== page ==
Match Point (2005) Poster



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Woody Allen's favourite film of his own.
Woody Allen's first film in 19 years to make a profit in America. The last was Hannah and Her Sisters (1986).
Because it was filmed in Britain, Woody Allen had to have a certain percentage of British cast and crew. Apparently he made his quota before casting Kate Winslet. After she backed out to spend more time with her family, Allen cast American Scarlett Johansson.
The haunting recording used several times in the soundtrack, including over the opening and closing credits, is the Enrico Caruso 78 rpm of "Una furtiva lagrima" ("A furtive tear"), from Gaetano Donizetti's opera "L'Elisir d'Amore" ("The Elixir of Love").
According to Eric Lax's book, this movie is one of Woody Allen's favorite films which are (in order): Match Point (2005), The Purple Rose of Cairo (1985), Stardust Memories (1980), Broadway Danny Rose (1984), and Manhattan Murder Mystery (1993).
The painting of a girl with a red balloon on the wall that Chris walks along was done by Banksy, a graffiti artist from Bristol.
In a nod to Hitchcock, a playbill showing Woody's face in deadpan is briefly seen as Chris arrives at the Tate museum to meet Nola.
At 124 minutes, Woody Allen's longest film to date.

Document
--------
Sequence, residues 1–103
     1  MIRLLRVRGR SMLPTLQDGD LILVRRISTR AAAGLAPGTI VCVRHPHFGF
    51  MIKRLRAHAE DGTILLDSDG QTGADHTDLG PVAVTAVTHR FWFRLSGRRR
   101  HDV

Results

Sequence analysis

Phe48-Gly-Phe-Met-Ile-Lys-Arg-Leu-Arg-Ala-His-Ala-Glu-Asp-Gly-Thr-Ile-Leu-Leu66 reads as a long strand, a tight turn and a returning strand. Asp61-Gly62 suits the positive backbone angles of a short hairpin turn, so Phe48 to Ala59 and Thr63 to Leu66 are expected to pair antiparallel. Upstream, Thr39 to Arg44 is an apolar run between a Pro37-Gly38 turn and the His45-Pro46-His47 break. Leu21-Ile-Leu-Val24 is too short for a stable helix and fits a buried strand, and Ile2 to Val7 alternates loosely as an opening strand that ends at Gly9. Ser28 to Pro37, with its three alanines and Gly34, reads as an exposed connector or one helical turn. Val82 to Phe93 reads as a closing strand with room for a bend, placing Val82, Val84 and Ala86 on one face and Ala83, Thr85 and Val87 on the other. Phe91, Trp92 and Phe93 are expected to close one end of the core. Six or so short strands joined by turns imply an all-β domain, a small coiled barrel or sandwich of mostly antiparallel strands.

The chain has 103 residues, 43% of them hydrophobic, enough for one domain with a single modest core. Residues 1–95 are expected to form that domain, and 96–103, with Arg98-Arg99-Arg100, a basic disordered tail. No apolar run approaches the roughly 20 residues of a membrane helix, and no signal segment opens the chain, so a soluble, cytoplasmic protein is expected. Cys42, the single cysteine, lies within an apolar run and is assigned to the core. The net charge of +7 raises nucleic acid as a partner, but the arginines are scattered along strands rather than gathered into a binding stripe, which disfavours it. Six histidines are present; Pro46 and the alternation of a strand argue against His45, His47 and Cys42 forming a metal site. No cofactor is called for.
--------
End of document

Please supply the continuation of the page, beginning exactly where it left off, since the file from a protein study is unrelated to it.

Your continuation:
Woody Allen's first film shot entirely in Britain.
The family name "Hewett" is a play on the ultra exclusive Manhattan private school "Hewitt" which Mr. Allen's daughters attend.
The film was shown out of competition at the 2005 Cannes Film Festival.
Originally set in the Hamptons.
On set Jonathan Rhys Meyers learned how to do a very good Woody Allen impression which he later performed on "Live With Regis and Kelly".
In joke: Chris Wilton (Jonathan Rhys Meyers) responds to a generosity by saying, "Thank you. Thank you very much." This exact phrase is often associated with Elvis Presley, whom Meyers played in Elvis (2005).
The other song frequently played is 'Romance de Nadir', from Bizet's 'Les pêcheurs de perles', in which one of the pearl fishers dreams about his forbidden love.
The musical they see midway through the movie is Andrew Lloyd Webber's "The Woman In White".


The trivia items below may give away important plot points.

The reference to 'Crime and Punishment' is continued, as the escape, after the double-murder is almost a step-by-step recounting of Raskolnikov's escape from his double-murder. The major difference being that the older woman was Raskolnikov's target, and the younger woman was collateral damage. In the movie, it's the other way around, but staged to look the other way.
Chris is shown reading 'Crime and Punishment', by Fyodor Dostoevsky. Later on, when talking to Mrs. Eastby's ghost, he refers to the book, by saying that sometimes it is necessary to sacrifice the innocent in order to succeed.

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Goofs | Crazy Credits | Quotes | Alternate Versions | Connections | Soundtracks

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